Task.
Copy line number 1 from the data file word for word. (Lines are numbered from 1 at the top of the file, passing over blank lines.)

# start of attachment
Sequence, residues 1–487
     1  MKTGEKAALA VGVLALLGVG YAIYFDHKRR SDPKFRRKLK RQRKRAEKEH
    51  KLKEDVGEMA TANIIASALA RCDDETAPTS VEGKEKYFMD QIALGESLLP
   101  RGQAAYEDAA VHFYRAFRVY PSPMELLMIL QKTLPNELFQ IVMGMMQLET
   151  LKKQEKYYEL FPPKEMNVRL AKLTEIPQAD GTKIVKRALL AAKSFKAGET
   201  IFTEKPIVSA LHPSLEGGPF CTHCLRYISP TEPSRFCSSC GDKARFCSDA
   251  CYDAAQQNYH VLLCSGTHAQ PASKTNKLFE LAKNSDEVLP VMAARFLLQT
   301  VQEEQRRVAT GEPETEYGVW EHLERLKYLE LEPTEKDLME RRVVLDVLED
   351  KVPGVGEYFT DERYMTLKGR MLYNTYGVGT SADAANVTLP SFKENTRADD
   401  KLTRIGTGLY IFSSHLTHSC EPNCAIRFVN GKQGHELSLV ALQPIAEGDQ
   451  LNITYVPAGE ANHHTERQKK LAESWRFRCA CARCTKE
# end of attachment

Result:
Sequence, residues 1–487